It is worth repeating that rhino horn is not used as an aphrodisiac. There is no research in TCM that supports it having this trait. Its use as a cure for impotence is not mentioned in any TCM texts. Middle-aged men who encounter problems getting a hard-on are not the cause of the rhino's demise.

One suspects that if we had been using legal trade over the last 30 years and had achieved this outcome, conservationists would be clamouring for a change in policy. Instead, the loss of the Western black rhino is unlikely to alter the situation at all. Many conservationists will continue championing the current strategy of banning trade and relying on law enforcement to save the rhino.

We are now trying to confront sophisticated crime networks, who are better equipped than many of the local enforcement agencies. The demand in Asia is indifferent to Western concern and it has been unaffected by anti-consumption campaigns. It is hard to see that the current plan to save rhino numbers has a realistic chance of succeeding. It is perhaps time, to be debating other options.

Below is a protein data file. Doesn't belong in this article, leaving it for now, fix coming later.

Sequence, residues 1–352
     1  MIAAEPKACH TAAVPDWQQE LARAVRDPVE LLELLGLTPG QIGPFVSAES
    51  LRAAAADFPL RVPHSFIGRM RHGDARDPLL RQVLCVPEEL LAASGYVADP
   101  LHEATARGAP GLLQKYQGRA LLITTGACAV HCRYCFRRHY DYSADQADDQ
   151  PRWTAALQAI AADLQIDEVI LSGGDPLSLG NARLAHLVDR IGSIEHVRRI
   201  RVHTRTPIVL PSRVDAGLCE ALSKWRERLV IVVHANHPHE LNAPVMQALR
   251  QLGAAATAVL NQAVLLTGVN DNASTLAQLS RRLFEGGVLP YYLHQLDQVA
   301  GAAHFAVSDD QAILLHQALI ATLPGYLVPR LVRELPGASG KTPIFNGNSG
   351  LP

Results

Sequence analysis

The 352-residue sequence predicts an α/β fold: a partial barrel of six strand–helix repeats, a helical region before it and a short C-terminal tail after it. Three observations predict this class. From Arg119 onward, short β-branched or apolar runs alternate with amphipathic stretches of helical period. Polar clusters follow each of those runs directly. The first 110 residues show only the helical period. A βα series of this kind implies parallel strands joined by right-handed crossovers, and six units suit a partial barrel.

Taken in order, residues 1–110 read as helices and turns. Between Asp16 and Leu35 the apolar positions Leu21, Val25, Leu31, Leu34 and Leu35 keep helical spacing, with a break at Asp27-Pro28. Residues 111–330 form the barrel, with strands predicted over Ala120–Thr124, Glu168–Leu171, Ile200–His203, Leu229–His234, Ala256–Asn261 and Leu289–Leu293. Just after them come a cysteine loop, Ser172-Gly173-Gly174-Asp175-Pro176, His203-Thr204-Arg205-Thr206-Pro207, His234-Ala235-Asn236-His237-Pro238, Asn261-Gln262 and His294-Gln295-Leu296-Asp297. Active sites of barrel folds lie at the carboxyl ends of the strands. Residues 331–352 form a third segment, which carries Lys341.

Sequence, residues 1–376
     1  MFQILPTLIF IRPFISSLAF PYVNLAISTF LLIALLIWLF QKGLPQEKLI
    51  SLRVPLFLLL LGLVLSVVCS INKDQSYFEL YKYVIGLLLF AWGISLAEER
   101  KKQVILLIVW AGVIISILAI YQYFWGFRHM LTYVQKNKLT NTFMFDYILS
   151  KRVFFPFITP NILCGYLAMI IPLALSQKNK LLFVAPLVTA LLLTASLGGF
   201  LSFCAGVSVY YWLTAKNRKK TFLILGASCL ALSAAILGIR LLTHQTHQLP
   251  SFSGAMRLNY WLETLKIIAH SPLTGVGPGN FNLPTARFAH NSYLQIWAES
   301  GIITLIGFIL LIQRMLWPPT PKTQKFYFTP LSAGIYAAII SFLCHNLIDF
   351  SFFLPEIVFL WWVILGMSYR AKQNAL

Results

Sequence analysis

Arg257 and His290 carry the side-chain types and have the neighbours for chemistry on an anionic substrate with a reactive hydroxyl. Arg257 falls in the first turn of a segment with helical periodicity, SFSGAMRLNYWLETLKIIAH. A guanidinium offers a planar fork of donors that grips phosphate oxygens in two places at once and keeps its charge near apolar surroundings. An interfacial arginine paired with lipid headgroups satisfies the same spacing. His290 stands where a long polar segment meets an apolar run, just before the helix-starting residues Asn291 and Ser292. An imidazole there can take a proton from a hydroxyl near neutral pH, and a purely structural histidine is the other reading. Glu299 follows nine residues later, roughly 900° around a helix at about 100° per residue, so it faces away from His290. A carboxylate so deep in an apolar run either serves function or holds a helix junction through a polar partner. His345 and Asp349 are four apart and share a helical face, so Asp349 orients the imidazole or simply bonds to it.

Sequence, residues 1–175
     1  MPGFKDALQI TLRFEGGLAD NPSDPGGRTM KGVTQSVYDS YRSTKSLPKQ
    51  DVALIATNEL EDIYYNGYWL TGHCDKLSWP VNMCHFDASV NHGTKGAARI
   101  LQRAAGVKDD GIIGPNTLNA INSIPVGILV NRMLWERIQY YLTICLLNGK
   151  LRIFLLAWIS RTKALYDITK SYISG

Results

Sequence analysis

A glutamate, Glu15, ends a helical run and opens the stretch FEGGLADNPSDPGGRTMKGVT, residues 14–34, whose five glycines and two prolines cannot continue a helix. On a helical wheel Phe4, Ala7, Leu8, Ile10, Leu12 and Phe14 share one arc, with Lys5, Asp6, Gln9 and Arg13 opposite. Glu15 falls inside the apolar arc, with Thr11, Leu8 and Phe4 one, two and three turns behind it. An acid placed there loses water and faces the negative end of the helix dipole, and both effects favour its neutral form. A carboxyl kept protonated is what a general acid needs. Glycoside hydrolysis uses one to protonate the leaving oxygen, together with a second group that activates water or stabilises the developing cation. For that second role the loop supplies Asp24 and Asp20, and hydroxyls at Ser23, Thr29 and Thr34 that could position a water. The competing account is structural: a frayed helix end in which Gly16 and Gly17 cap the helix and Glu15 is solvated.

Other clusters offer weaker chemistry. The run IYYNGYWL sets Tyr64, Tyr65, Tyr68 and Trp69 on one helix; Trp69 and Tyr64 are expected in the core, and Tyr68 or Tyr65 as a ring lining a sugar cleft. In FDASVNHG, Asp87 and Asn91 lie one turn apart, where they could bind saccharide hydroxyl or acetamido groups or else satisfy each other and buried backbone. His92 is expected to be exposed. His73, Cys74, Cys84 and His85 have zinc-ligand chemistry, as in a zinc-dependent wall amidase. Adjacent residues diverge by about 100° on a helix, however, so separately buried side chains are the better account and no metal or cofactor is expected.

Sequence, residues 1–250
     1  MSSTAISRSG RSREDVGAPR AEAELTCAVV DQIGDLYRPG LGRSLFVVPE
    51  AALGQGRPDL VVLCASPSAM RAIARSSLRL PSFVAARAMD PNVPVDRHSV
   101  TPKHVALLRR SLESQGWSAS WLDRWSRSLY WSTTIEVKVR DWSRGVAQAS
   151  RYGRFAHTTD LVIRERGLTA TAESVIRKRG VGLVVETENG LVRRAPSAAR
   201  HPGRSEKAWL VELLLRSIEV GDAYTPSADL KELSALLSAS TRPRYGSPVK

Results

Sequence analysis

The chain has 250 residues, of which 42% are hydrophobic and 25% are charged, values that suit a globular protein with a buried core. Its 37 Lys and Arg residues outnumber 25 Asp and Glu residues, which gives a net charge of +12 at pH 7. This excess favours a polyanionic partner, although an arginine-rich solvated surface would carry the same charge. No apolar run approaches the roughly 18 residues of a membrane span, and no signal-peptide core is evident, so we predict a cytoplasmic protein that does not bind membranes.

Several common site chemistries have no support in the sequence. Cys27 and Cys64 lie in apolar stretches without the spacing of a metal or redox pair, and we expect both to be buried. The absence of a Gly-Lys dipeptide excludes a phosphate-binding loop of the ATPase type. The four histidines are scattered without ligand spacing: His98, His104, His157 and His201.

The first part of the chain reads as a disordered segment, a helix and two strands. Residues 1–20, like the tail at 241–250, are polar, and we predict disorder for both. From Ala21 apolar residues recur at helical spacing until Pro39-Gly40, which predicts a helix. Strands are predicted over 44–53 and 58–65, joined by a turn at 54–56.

[1] Cunningham, C., and Berger, J. (1997). Horn of Darkness: Rhinos on the Edge. Oxford University press.
[2] Mainka, S.A. and Mills, J. (1995). Wildlife and Traditional Chinese Medicine- Supply and Demand for Wildlife Species. Journal of Zoo and Wildlife Medicine 26(2): 193-200.











Call for legal trade in rhino horn to be debated Brendan Moyle Sep 21

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I spotted this piece by conservationist Dr Ian Player yesterday on the rhino poaching issue.
Daily News